The Good The Sony Handycam HDR-CX220 is cheap, small, and lightweight.
The Bad Poor video quality and a minimalist set of features disappoint.
The Bottom Line The only thing the Sony Handycam HDR-CX220 seems to have going for it is the low price, but "you get what you pay for" has never rung truer.
Cheap, but you get what you pay for
I don't review as many camcorders as I used to, mostly because of limited bandwidth; cameras require a lot more of my time and there's more reader interest. Occasionally, though, readers express enough interest in a model to pop it onto my review radar. That's my rationale for looking at the Sony Handycam HDR-CX220, the replacement for the popular. Popular for no reason I can fathom other than it offers a long lens at a cheap price of just under $200. With no features to speak of, a confusing interface and mediocre video quality, though, I recommend saving your money.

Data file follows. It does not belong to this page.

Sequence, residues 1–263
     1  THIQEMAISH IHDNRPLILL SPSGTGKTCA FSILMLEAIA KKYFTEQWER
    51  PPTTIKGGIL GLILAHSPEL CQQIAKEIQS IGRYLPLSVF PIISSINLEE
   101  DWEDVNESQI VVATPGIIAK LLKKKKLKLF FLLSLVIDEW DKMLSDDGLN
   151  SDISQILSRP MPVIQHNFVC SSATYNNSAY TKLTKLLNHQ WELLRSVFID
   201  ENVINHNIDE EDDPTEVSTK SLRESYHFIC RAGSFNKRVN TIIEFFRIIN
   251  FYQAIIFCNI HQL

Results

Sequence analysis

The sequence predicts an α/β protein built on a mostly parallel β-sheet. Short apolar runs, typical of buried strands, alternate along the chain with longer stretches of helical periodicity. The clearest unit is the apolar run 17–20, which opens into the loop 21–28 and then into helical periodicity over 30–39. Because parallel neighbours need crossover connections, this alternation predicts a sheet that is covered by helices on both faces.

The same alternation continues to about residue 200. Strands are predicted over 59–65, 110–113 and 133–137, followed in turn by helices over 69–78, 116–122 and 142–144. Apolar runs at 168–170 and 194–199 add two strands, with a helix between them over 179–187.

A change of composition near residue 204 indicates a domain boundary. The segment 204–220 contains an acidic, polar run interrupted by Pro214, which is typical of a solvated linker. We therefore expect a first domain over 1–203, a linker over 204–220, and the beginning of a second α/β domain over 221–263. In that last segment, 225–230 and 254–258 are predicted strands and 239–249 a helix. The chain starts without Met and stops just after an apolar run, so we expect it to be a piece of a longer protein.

The CX220 is essentially the same model in terms of image quality as Sony's CX230 (8GB built-in memory), CX290 (8GB plus optical image stabilization and touch screen), and PJ230 (8GB plus built-in projector) -- they all have the same sensor and lens.
The design is typical of a traditional camcorder, and it's extremely lightweight -- one might even say flimsy-feeling. I was surprised that I managed to cram it into a loose jeans pocket when I needed an extra hand, though. It's got a built-in lens cover and a USB charging cable that tucks into the strap, which will work with any USB charger. (A shout-out to all you confused Amazon reviewers.) If you don't own a modern phone or tablet charger or have a computer to plug it into, Sony will ask you to fork over about $20 for its version or you can buy one for between $5 and $10. Rather than bundling a charger, Sony opts to include a Micro-HDMI cable for connection to a TV.